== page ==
Friday, 21 September 2018
A still from Sarah Hight’s film, A Million Dollar Nose?
A new approach in the fight against American foulbrood – a disease effecting beehives across the world – is the topic of a New Zealand-made film shortlisted in the International Jackson Hole Science Media Awards being held in Boston, USA, this week (26-28 September NZT).
University of Otago Master of Science Communication graduate Sarah Hight’s film, A Million Dollar Nose? examines the novel approach of using sniffer-dogs to detect American foulbrood in beehives. American foulbrood disease is caused by a bacterium which contaminates honey bee larvae and pupae, and is widely considered the most serious disease effecting bees in New Zealand. Contaminated hives and their tens of thousands of bees are often destroyed, costing the honey/beekeeping industry millions of dollars a year.
“My intention with A Million Dollar Nose? was to educate people about one of the many threats facing honeybees around the world. On a broader scale, I wanted to encourage people to be open minded towards creative and innovative agricultural tools like the detector dogs featured in my film,” Ms Hight says.
The film features a Canterbury beehive operation which employs the services of Rene Gloor, a detector dog trainer who believes you can train a dog to detect anything. With sniffer-dogs unproven on a scientific level as tool against American foulbrood, Ms Hight wanted to create discussion and draw attention to their use.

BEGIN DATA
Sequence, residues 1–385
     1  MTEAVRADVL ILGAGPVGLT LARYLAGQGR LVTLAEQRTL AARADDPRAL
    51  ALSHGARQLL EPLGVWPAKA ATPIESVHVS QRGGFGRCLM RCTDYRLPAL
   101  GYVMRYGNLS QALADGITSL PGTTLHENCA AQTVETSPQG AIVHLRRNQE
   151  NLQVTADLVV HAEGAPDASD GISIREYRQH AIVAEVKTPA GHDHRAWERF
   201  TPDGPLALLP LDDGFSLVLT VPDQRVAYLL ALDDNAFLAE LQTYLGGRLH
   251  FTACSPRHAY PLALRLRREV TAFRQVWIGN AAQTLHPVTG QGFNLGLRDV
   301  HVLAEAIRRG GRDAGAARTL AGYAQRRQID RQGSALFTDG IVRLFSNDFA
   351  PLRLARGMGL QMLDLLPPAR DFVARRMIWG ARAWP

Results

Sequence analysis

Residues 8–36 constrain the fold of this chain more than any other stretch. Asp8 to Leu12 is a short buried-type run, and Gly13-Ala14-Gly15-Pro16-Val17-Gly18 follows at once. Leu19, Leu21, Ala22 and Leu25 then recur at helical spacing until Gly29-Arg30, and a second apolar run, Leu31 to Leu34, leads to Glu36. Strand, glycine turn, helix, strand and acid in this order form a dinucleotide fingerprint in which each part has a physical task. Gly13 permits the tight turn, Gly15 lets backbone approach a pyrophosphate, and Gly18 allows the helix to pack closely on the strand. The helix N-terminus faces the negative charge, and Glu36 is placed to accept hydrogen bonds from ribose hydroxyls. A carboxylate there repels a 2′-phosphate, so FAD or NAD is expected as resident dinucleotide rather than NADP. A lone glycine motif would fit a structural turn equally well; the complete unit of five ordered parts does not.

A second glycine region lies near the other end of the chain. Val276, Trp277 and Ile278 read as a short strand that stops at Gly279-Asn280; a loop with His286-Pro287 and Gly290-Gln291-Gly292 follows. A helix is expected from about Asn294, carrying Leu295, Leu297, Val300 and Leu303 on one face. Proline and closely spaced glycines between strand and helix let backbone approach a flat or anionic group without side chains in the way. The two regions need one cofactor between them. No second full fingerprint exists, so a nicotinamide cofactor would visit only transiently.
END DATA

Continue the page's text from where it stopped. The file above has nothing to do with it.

“Agricultural systems are facing all sorts of threats around the world, so safeguarding our resources with innovative ideas is more important than ever. I wanted to tell a story about the plight of bees around the world and raise awareness about their importance to our survival as crop pollinators,” she says.
Ms Hight created the film in 2016 for her master’s thesis project while completing her studies in the University of Otago’s Master of Science Communication programme.
With her study successfully completed, and a degree in Zoology also under her belt, Ms Hight has gone on to gain employment with filmmaking unit NHNZ, in Dunedin, where she is honing her talents in storytelling about the natural world.
“I would love to create more documentaries that educate people about nature and inspire change beyond the film. In our information saturated society, it’s really easy to be well informed about the many issues in the world but knowing what to do in the face of so many problems can be daunting,” Ms Hight says.
Watch the trailer here on Vimeo: A Million Dollar Nose?
For more information, contact:
Science Communication Graduate
University of Otago
Senior Communications Adviser
University of Otago
Mob 021 279 5016
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